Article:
Conventional wisdom tells us that support for and opposition against these gay marriage cases will fall sharply along party lines, with Democrats embracing the right to wed and Republicans decrying a departure from the status quo. But a closer look at presidential elections, past and future, reveals the eye-opening storyline that the GOP might actually benefit from a gay marriage victory next June.

Perhaps the most discernible lesson from the 2012 presidential election is that Republicans face an uphill battle in reclaiming the White House without accumulating a greater share of the female and youth vote. This segment of the population overwhelmingly voted in favor of President Barack ObamaBarack Hussein ObamaTrump and Obama: The odd couple who broke 'extended deterrence' for the Indo-Pacific The US is ripe for climate-friendly diets Obama says he once broke a classmate's nose for calling him a racial slur MORE — Gallup reports that the 2012 election boasted the largest gender gap in recorded history, and the disparity with respect to the youth vote was similarly stark, with approximately 60 percent of voters ages 18 to 29 siding with Obama — and is sure to play a pivotal role in future Democratic election bids.

This voting trend has in large part been attributed to a sweeping rejection of the Republican stance on significant social issues. Among the most notorious positions of American conservatism continues to be its fevered condemnation of gay marriage. Illustrating the increasing unpopularity of this posture, the most recent election saw the majority of voters in several states — including Maine, Maryland, Minnesota, and Washington — shifting to the left and casting their ballots in support of gay marriage rights in Election Day referendums. According to 2012 exit polls, women and millennials cast the decisive votes in legalizing same-sex marriage in these states.

With the female and youth voters gaining political clout and demonstrating a growing social acceptance of gay marriage, it is concededly difficult to envision a Republican victory in 2016 and beyond if the party maintains its hardline opposition to social issues like gay marriage. Recognizing these bleak prospects, political pundits have widely opined that the GOP must undergo a transition before it will appeal to the socially left-leaning voter base at the polls—a transition from a party that presently falls on the wrong side of social issues that are of paramount importance to female and youth voters, to a party that advocates for conservative economic policies but that displays greater tolerance on social issues.

The unsurprising fact of the matter, however, is that no current Republican politician exhibits the gall, willingness, or influence to usher in such a far-reaching reformation. Even if a reform-minded member of the Republican leadership emerged who was capable of engendering this ideological shift in the party’s official platform, however, such an internal transition would still be a disfavored approach because it would doubtlessly occasion a flood of withering criticism, as detractors would dismiss the shift as nothing more than a self-serving political ploy to curry favor with these key demographics.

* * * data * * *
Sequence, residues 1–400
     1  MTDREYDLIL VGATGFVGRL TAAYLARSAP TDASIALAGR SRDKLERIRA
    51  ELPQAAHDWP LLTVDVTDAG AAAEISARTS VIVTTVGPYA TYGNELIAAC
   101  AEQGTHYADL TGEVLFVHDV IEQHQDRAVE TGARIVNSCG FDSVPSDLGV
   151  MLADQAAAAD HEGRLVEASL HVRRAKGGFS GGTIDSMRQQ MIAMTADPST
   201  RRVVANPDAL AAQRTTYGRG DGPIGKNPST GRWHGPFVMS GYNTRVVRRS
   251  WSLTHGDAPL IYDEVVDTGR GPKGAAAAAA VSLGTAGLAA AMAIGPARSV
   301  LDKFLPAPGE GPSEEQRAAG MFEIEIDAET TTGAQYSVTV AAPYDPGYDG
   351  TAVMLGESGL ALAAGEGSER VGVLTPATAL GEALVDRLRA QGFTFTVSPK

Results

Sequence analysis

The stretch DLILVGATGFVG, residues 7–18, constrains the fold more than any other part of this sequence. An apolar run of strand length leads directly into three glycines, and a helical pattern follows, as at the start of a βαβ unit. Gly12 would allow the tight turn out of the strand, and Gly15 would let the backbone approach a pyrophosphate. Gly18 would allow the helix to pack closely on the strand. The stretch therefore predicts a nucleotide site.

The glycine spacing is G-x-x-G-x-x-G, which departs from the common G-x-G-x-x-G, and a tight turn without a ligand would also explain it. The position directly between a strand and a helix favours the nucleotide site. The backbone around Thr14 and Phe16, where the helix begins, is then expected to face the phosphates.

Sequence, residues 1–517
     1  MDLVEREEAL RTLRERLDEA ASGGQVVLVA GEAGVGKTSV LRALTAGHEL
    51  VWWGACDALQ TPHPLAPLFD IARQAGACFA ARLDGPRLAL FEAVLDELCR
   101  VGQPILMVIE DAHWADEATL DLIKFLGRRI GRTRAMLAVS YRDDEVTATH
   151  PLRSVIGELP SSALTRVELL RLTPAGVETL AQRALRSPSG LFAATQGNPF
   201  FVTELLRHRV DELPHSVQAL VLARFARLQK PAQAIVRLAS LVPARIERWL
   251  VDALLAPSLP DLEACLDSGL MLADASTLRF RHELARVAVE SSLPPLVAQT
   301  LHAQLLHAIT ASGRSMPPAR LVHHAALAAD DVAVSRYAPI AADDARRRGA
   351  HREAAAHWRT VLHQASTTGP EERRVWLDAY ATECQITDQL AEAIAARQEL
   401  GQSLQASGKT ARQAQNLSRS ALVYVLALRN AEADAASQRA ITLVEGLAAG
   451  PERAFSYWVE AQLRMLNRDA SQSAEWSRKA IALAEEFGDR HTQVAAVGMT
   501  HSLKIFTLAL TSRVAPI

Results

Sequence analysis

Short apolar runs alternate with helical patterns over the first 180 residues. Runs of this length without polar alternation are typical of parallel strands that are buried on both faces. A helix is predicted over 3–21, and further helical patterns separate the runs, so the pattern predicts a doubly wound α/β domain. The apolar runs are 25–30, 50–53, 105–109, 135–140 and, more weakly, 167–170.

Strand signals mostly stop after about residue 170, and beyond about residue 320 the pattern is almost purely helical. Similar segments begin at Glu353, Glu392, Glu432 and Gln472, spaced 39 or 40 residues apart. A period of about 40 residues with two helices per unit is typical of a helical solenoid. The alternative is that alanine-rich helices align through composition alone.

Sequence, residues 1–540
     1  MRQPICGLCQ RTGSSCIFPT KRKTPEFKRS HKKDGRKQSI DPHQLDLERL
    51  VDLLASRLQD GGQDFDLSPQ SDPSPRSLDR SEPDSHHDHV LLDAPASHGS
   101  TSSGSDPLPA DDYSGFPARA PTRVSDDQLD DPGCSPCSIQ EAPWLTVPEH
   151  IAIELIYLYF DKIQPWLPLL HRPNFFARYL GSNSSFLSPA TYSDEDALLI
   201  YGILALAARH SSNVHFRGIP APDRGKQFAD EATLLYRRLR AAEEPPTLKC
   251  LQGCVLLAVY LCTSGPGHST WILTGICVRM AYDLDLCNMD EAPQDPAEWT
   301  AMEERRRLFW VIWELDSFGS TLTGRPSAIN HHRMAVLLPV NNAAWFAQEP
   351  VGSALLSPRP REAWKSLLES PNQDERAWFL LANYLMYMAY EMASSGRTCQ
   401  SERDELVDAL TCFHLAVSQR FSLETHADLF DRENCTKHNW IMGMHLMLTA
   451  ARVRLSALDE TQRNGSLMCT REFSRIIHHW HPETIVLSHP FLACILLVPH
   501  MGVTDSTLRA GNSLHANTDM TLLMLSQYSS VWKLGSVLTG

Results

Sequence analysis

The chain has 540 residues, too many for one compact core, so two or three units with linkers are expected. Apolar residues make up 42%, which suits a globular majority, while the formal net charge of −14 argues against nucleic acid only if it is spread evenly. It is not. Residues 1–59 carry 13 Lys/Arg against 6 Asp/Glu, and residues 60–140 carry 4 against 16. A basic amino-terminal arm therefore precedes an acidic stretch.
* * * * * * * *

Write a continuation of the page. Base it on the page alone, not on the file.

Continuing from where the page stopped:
For the GOP to undertake this necessary reform while minimizing the political backlash, it must be accomplished through an external force. Enter the Supreme Court. The gay marriage cases represent perhaps the most effective course to realign an element of the party platform that is out of sync with the evolving American electorate. A ruling that gay individuals have a constitutional right to marry would unilaterally prompt a shift in Republican social policy that would work to the advantage of the party in the long-run by eliminating a critical barrier to the woman and youth vote and doing so in a manner that would largely circumvent the stain that might otherwise attach if the party were to make this adaptation internally.

What Republicans desire in the short-term is not in harmony with the best interests of the party in the long-term. Members of the GOP should therefore bear in mind that a Supreme Court decision permitting the federal government and the states to ban gay marriage would solidify within the party’s ideology a vastly unpopular social policy that exacerbates the gender and generational splits. Republicans should instead invite a sweeping Supreme Court declaration that gay couples have a constitutional right to marry, which would serve as the catalyst for change that the ideologically-ossified party desperately needs to shed an outdated social policy that is repugnant to vital demographics and close the voting gap among women and younger Americans.

This indirect benefit to the Republican Party arising from a gay marriage victory might provide Chief Justice John Roberts with greater comfort should he ultimately decide to join his liberal colleagues in striking down the bans on gay marriage. Last term’s landmark healthcare decision imparts a critical lesson: if Chief Justice Roberts is going to vote against the conservative cause, he would prefer to do so in a manner that still confers an indirect benefit upon the conservative cause. Indeed, although the Chief Justice cast the deciding vote in the decision to uphold the individual mandate as a tax, he did so while ingeniously handing conservatives an historic victory by reining in Congress’ power under the Commerce Clause. This case provides yet another opportunity for the Chief Justice to display his judicial deftness by safeguarding the Court’s long-term credibility in the eyes of the public while simultaneously delivering an important benefit to the right.

O'Reilly is a J.D. candidate at Brooklyn Law School.